Iran - possible implications of an oil embargo
Does Thursday's announcement that the EU is considering to ban oil imports from Iran epitomise the draining of power from west to east? The big winners here will be China and India, who do not fear rising Iranian influence and who will gladly soak up any additional oil exports they may have to offer. However, ending this small dependency upon Iranian oil imports in Europe (Figure 2) does clear the way for military action without the need to ponder the immediate consequences on oil imports.
Figure 1 Iran displays export land traits where growing domestic consumption is eating into the oil available for export that has been declining slowly since 2003. Data from BP. Y-axis is barrels per day (1000s). Balance = production less consumption which is a proxy for net exports. Production = crude+condensate+NGL whilst consumption may include refinery "gains" and bio-fuel. In many countries there is also an active two-way trade in crude and refined products.
In a week where the UK embassy in Iran was overrun and the two countries are breaking off diplomatic ties, on the back of heightened concern about Iran's nuclear weapons program and an unexplained explosion at an Iranian missile launching site, the EU has decided to flex its muscles and to ban Iranian oil imports. The big winners here are the other countries importing oil from Iran - Japan, China, India and South Korea. Does the EU really believe that in today's extremely tight oil market that oil sanctions against Iran will worry them in the least?
Figure 2 Table from a worthy article on Iranian oil and demographics posted on Crude Oil Peak details the countries importing oil from Iran in 2008. The four EU countries to be affected by any embargo will be Italy, Spain, Greece and France. Given that Greece and Spain are already in recession and that Italy and France are heading in that direction, it seems likely that their oil consumption will already be on the wane and that losing these relatively small amounts of Iranian imports will have little consequence.
Figure 3 OPEC net exports (production consumption balance from BP) showing the importance of The Gulf states.
With the risks of armed conflict against Iran increasing with every week that passes it is important to grasp what this may mean for global oil markets. Two end points seem to exist. The first is where "the West", i.e. NATO or some other looser alliance ± Israel launches a cruise missile attack (conventional) against Iran's nuclear facilities. destroying them. In that eventuality Iran, with current leadership, would be unlikely to ever again export oil to "the West", but since at that point The West will not be importing any oil from Iran this would not matter.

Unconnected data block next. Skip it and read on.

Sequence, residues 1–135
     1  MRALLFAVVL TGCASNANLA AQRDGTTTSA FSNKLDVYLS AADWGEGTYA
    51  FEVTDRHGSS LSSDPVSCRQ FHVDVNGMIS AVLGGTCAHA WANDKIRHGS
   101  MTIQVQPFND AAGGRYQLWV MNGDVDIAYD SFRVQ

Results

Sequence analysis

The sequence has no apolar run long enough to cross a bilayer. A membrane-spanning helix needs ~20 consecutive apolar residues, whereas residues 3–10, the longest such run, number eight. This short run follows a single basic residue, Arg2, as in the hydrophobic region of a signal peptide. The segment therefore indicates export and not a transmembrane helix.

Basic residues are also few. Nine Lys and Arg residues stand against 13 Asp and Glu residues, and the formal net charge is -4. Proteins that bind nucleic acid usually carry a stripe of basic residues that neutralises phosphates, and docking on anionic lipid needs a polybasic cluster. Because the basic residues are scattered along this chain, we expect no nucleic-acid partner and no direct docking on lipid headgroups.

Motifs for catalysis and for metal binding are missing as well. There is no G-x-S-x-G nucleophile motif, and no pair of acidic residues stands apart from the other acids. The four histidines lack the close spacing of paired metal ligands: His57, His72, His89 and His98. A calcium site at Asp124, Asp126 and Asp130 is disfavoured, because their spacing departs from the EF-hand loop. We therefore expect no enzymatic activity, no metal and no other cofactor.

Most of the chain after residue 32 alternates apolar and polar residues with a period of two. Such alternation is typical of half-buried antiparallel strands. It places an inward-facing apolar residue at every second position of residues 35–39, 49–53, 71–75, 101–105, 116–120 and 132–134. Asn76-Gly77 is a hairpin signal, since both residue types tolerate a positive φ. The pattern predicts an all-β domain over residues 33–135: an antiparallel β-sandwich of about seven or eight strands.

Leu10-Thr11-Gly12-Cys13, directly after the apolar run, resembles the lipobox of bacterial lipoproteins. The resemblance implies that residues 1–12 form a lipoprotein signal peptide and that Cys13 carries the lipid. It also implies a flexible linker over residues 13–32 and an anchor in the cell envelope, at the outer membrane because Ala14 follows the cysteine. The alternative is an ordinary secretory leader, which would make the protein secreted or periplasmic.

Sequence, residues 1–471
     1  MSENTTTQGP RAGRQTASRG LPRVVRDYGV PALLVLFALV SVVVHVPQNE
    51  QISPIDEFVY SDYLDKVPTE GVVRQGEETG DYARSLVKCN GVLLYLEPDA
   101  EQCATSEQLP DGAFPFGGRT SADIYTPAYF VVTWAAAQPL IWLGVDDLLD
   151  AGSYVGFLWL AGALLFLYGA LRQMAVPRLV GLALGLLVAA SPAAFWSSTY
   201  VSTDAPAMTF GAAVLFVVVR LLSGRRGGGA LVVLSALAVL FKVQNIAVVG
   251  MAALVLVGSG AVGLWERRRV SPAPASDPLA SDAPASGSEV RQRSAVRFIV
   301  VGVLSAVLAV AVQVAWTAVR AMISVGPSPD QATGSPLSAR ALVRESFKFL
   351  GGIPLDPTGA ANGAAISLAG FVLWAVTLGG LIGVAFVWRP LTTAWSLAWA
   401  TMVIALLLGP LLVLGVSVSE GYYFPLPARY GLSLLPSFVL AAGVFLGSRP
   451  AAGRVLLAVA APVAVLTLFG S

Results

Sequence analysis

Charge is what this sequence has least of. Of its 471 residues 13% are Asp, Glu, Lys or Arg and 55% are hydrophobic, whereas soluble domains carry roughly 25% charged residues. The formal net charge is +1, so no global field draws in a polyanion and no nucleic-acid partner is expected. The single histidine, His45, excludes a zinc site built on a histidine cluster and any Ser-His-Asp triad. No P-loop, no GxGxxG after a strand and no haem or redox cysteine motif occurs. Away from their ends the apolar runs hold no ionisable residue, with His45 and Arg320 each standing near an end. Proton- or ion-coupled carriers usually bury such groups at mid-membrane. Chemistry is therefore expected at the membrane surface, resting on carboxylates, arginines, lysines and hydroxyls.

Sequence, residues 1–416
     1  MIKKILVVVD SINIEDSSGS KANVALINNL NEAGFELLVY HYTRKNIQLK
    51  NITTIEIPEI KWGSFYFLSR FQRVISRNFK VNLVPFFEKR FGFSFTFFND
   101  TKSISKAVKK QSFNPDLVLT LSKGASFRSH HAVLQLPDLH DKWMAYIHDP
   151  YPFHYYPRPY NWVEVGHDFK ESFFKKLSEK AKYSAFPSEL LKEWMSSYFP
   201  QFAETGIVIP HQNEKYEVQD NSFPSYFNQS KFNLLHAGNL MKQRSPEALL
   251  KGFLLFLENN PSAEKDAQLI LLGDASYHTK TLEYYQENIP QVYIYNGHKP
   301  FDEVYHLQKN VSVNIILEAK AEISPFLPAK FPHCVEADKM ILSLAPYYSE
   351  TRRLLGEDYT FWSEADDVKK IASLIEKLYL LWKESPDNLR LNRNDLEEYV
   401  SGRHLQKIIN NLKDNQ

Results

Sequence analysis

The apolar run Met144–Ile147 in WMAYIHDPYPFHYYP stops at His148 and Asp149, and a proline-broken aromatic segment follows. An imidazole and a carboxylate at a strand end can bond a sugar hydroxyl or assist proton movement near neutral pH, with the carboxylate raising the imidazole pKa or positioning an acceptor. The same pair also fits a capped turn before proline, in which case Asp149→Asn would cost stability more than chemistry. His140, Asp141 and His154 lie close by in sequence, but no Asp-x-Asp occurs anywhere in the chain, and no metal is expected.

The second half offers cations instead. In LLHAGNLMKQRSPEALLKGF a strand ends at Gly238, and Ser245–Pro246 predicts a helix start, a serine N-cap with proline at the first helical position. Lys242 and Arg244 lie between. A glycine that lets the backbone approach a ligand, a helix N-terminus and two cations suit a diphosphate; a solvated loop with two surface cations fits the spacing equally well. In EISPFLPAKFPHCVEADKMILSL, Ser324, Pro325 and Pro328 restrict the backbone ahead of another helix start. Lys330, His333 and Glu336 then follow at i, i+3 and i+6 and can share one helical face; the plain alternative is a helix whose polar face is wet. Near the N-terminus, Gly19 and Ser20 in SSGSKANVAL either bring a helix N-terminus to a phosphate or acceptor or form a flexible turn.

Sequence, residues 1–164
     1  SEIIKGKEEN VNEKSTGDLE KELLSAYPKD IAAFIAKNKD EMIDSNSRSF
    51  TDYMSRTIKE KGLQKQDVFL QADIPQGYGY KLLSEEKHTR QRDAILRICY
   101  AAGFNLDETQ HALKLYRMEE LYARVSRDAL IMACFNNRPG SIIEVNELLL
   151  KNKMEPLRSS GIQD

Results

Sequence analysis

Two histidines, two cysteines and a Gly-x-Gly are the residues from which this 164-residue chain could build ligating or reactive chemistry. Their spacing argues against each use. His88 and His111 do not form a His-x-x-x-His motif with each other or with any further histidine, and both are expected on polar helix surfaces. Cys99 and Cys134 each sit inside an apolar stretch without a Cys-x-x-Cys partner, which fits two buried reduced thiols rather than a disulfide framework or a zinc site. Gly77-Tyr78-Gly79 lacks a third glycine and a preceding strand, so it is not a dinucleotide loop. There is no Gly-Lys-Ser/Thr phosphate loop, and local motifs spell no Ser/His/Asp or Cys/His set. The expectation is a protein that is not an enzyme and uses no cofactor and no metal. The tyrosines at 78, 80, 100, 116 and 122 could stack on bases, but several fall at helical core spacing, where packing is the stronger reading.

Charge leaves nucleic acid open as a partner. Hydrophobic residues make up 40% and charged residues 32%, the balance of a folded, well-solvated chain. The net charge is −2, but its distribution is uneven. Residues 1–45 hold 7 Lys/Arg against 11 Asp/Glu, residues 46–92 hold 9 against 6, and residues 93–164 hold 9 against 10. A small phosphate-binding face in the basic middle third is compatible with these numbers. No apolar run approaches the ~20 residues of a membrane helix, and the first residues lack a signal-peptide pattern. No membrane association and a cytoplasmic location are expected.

Figure 4 Iranian oil infrastructure, setting in the Arabian or Persian Gulf and the linch pin location of The Straights of Hormuz. Map from Wikipedia.
The second more extreme scenario is that armed conflict spreads, compromising oil exports through the Straights of Hormuz. Oil exports from Saudi Arabia, Kuwait, The United Arab Emirates (UAE), Qatar, Iraq and Iran all pass through Hormuz. Data is not available for Iraq, but exports from Saudi, Kuwait, UAE and Qatar stood at around 12,805,000 bpd in 2010. The global net export market stood at around 35,173,000 and so these 4 countries alone account for around 36.4% of the global export market (excluding Iraq and Iran). Should these exports cease, albeit temporarily, the oil price will go through the roof, causing severe trauma to the global economy, including China.
In addition, there are significant liquefied natural gas exports from Qatar that pass through Hormuz on a daily basis. According to BP, Qatar exported around 96 BCM of gas in 2010 (Figure 5) to the countries shown in Figure 6. In Europe, the UK, Spain, and Belgium would be most affected by disruption to LNG supplies from the Gulf whilst in Asia, India, S Korea, and Japan would be most affected. This highlights the increasingly exposed nature of OECD energy supplies where electricity supplies may be threatened by armed conflicts on the other side of the world.
Figure 5 Production / consumption balance for natural gas in Qatar.
Figure 6 Destinations of LNG exports from Qatar in 2010.
Euan Mearns has B.Sc. and Ph.D. degrees in geology from The University of Aberdeen. He worked as a researcher at The University of Oslo and then The Norwegian Institute for Energy Technology for a total of 8 years. In 1991 he set up a company in Aberdeen, Scotland providing isotope analyses to the international oil industry. His company worked for over 60 exploration and production companies world wide but eventually ran out of reservoirs to characterise and the company was sold in 2001. Since 2009, Euan has been an Honorary Research Fellow at the University of Aberdeen. His main interests lie in understanding energy systems, forecasting, and energy policy.
This work is licensed under a Creative Commons Attribution-Share Alike 3.0 United States License.
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